Each year, miners dig up more than 400,000 cubic meters of sand from Durban’s rivers, enough to fill 160 Olympic swimming pools. This sand would normally be deposited on beaches and help offset coastal erosion. At current mining rates, Durban’s beaches are predicted to contract, on average, by more than a meter each year…

Read Full Article, Hakai Magazine (12-05-2017)

The environmental loss of illegal sand mining in South Africa, ENCA (01-07-2016)
Research shows that KwaZulu-Natal and the Eastern Cape are home to more than 200 illegal sand mining operations. Umvoti River sand is as good as gold in the construction industry. Its stellar components have placed it among the best sand in South Africa for building purposes. But this comes at a great environmental loss…

Sand Mining Threatens South Africa’s Coast, Business Report (03-06-2015)

Illegal Sand Mining in South Africa a Report: “Governance of Africa’s Resources Programme, by Romy Chevallier;” All’Africa (12-28-2014)

South Africa Dune Mining Whips Up Sandstorm, CNN (07-09-2012)
For centuries, the massive sand dunes overlooking the warm waters off the South African east coast have created a majestic scenery, acting as a natural wall between the sea and the land environment. In recent years, mining companies have been eager to dig inside these dunes to extract the valuable minerals they contain…

“The Shore Break,” A Movie From Riley Grunenwald; Variety (05-02-2016)
A gorgeous stretch of the Wild Coast is the object of a standoff between corrupt pro-mining forces interested in mining the local beach sand for titanium, and a South African coastal community. The drama is structured around two diametrically opposed protagonists. A film review by Variety…

The Market For African Beach Sand: Who’s Buying, Selling And Mining It? AFK Insider (02-17-2017)

Sand mining decimates African beaches, DW (02-15-2017)

Sand, Rarer Than One Thinks: A UNEP report (GEA-March 2014)
Despite the colossal quantities of sand and gravel being used, our increasing dependence on them and the significant impact that their extraction has on the environment, this issue has been mostly ignored by policy makers and remains largely unknown by the general public.
In March 2014 The United Nations released its first Report about sand mining. “Sand Wars” film documentary by Denis Delestrac – first broadcasted on the european Arte Channel, May 28th, 2013, where it became the highest rated documentary for 2013 – expressly inspired the United Nations Environment Programme (UNEP) to publish this 2014-Global Environmental Alert.

The Conservation Crisis No One Is Talking About, TakePart (09-21-2016)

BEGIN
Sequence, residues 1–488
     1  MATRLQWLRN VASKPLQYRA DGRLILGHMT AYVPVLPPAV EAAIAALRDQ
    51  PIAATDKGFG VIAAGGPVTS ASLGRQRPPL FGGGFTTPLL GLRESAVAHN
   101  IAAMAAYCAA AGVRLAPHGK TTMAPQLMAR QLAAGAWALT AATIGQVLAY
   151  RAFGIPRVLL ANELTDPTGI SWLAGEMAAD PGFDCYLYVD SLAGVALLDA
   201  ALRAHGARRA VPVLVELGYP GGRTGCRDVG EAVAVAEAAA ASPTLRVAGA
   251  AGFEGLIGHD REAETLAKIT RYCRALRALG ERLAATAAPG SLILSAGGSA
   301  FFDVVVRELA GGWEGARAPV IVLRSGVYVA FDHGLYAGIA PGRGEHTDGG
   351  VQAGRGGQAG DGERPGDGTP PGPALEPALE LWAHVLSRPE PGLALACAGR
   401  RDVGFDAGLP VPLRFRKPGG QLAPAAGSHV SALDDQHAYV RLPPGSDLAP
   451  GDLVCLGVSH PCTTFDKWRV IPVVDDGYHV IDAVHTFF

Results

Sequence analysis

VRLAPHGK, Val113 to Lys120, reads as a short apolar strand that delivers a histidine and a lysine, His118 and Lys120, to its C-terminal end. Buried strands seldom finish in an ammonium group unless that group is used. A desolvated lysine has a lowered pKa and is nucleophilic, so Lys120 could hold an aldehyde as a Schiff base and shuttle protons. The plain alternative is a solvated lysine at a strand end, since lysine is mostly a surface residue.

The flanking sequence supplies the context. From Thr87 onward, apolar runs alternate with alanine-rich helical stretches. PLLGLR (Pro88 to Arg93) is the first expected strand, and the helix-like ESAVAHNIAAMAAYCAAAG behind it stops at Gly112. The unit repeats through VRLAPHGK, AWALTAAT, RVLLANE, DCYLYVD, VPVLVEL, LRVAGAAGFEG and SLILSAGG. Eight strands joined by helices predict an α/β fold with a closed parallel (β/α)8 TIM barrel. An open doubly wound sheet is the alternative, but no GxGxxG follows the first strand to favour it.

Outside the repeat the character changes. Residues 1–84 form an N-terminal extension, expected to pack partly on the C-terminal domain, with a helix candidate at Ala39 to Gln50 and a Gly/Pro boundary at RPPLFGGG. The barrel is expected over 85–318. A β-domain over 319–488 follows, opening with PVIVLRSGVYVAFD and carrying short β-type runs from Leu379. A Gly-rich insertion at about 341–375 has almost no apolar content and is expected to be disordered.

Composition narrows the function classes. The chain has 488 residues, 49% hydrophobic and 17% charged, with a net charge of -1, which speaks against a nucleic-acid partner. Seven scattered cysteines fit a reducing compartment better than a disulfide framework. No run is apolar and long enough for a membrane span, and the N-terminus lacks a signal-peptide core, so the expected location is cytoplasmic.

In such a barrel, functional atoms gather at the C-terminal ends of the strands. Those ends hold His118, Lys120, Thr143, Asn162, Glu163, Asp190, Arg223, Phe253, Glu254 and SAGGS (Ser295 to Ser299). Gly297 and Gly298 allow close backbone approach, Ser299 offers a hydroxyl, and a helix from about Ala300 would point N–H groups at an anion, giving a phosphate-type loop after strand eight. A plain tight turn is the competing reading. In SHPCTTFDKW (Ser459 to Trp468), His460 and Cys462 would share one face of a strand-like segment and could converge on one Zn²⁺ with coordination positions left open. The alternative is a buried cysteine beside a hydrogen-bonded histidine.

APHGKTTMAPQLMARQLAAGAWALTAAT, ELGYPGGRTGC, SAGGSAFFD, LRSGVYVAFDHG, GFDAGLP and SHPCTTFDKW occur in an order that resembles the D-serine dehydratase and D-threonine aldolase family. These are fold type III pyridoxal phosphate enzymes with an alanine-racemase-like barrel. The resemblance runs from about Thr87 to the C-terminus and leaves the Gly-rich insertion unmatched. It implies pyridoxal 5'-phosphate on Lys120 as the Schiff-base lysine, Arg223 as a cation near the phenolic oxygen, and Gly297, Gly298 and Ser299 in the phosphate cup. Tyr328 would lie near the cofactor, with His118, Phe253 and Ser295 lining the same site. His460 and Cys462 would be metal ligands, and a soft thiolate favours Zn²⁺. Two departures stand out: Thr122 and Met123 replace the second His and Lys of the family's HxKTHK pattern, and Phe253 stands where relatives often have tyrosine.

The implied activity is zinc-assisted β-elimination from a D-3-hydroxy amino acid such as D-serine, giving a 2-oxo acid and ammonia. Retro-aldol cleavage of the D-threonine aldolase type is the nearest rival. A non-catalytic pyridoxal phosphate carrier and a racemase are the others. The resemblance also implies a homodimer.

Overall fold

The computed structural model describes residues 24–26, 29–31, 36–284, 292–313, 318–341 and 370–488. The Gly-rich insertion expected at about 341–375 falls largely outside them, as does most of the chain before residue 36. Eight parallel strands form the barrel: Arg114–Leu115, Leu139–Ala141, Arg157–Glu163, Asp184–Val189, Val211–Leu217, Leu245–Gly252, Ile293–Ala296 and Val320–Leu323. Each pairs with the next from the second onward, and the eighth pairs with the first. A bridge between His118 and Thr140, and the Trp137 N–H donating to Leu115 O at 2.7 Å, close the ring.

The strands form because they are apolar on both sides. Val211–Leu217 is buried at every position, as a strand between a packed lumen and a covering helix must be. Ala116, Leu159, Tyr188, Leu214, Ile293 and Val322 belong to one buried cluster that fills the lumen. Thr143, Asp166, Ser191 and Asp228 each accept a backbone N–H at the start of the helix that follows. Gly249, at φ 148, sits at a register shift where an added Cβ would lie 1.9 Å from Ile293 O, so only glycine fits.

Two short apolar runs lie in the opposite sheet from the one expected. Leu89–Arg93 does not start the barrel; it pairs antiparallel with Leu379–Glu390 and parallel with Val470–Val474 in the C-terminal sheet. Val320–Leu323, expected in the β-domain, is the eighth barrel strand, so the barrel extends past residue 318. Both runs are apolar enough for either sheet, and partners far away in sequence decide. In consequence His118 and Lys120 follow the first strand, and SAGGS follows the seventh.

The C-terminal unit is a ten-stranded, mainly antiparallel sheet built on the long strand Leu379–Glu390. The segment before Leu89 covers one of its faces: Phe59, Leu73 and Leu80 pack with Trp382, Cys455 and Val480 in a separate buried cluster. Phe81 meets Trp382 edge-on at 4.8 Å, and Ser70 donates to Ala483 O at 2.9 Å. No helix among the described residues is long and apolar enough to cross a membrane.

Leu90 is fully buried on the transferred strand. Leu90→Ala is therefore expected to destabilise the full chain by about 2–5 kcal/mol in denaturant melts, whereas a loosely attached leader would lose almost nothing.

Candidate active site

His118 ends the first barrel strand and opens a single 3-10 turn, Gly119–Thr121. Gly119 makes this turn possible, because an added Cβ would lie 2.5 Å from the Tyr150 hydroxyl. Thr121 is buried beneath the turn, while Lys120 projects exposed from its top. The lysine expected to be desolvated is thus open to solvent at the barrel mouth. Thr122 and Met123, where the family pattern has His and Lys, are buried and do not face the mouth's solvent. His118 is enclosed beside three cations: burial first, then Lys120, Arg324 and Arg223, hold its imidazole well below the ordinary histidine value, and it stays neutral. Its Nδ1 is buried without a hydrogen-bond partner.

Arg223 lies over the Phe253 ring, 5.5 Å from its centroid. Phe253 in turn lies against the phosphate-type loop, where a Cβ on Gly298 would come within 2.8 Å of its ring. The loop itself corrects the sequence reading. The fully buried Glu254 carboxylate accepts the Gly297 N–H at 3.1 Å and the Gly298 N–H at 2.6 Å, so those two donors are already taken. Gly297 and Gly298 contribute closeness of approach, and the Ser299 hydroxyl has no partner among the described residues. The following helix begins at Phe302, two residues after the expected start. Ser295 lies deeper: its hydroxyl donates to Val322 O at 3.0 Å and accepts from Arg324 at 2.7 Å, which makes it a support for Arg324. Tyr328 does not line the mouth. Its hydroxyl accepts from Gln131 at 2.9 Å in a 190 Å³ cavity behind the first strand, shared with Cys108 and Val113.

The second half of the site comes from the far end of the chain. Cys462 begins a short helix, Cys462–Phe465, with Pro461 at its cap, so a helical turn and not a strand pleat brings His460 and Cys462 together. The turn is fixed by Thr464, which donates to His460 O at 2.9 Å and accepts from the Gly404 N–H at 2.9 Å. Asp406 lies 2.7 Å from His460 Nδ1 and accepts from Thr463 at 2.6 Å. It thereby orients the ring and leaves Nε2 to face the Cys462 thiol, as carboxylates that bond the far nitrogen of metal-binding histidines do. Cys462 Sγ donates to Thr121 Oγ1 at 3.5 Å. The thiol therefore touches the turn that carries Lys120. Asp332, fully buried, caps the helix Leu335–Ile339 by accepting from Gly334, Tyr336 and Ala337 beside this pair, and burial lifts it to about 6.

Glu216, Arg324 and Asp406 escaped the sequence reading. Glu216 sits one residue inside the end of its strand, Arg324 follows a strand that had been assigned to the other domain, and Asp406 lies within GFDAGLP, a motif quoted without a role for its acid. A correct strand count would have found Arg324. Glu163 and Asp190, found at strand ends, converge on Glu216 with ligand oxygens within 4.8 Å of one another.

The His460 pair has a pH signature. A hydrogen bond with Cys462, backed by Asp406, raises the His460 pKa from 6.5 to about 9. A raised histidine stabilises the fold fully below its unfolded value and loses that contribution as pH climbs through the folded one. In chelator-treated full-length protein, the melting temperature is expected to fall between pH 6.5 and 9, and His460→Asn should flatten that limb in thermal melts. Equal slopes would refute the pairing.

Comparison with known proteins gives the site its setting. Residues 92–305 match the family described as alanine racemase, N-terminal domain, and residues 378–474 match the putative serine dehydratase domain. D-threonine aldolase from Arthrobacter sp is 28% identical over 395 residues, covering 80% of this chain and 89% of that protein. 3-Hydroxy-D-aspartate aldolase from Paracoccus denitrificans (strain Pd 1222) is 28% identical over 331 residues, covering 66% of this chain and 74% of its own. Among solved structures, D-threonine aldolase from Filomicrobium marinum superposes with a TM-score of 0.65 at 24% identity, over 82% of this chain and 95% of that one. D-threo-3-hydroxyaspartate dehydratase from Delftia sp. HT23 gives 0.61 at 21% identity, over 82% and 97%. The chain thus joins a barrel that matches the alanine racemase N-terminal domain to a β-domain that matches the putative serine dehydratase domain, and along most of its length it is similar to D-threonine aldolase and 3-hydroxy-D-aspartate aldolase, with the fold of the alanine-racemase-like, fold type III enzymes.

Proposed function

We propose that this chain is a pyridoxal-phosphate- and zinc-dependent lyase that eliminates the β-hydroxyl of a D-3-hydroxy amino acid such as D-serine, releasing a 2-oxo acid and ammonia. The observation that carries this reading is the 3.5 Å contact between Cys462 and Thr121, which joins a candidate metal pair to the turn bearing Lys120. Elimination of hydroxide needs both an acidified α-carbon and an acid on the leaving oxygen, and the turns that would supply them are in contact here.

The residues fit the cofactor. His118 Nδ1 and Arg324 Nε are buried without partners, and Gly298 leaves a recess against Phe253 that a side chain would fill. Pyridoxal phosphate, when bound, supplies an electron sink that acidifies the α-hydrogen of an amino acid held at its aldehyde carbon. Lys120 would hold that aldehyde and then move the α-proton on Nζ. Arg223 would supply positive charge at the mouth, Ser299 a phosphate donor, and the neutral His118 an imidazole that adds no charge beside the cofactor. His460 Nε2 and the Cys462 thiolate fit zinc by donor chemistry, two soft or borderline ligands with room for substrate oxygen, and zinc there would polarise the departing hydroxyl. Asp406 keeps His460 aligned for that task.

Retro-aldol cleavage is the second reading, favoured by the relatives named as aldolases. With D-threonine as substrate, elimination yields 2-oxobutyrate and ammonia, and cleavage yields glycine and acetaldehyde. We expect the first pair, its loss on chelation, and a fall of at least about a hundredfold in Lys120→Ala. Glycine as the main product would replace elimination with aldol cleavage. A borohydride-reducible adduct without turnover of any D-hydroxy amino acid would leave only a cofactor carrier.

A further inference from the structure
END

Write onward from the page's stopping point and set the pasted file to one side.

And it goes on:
Beaches around the world are disappearing. No, the cause isn’t sea-level rise, at least not this time. It’s a little-known but enormous industry called sand mining, which every year sucks up billions of tons of sand from beaches, ocean floors, and rivers to make everything from concrete to microchips to toothpaste…

Sand Wars, An Investigation Documentary, By Award-Winning Filmmaker Denis Delestrac (©-2013)
“Sand is the second most consumed natural resource, after water. The construction-building industry is by far the largest consumer of this finite resource. The traditional building of one average-sized house requires 200 tons of sand; a hospital requires 3,000 tons of sand; each kilometer of highway built requires 30,000 tons of sand… A nuclear plant, a staggering 12 million tons of sand… “Denis Delestrac (©-2013).

Sand Mining in South Africa: Learn More, Coastal Care

Global Sand Mining: Learn More, Coastal Care

DD-south-africa-sand-mining
Beach and dune sand mining, South Africa. © Photo courtesy of: Denis Delestrac
As of 2011-2012, when investigative filmmaker Denis Delestrac and team, were first collecting and unveiling sand mining datas and information from the professionals involved, the Sand business was estimated to be a $70 billion industry, worldwide…!—Denis Delestrac (©-2013)

Bottles Become Sand at Globally Recognized Ranch at Laguna Beach


Unlike the truly amazing “Glass Beach, California,” manufactured recycled glass, once processed, does look and feel like natural sand. Photo courtesy of: Denis Delestrac -(©-2013) “Sand Wars” Multi Award-Winning Filmmaker.

Excerpts;

It was not long ago that beer and wine bottles at the 97-room Ranch at Laguna Beach left the property in the same shape in which they came—only empty and bound for an off-site recycling center. Today those same types of bottles stay at the property but are pulverized by a GL Sand Machine that turns the glass into sand that can be used to replenish the sand in bunkers on the resort’s golf course or the sand at the nearby beach.

According to General Manager Kurt Bjorkman, the resort is the first property in the continental United States to use a GL Sand Machine…

Read Full Article, Green Lodging News (11-30-2017)

How a Brewer is helping save NZ beaches by recycling used beer bottles back into sand; New Zealand Herald (02-21-2017)
New Zealand beer brand DB Export is recycling its used bottles to make a man-made sand – an effort the company hopes will help preserve our beaches. The company hopes the programme will help cut down the amount of sand dredged from beaches. The average Kiwi consumer uses more than 200kg of sand each year, most of which comes from beaches. It’s a non-renewable resource and is also used to make glass…

The Economist explains: Why there is a shortage of sand; The Economist (04-24-2017)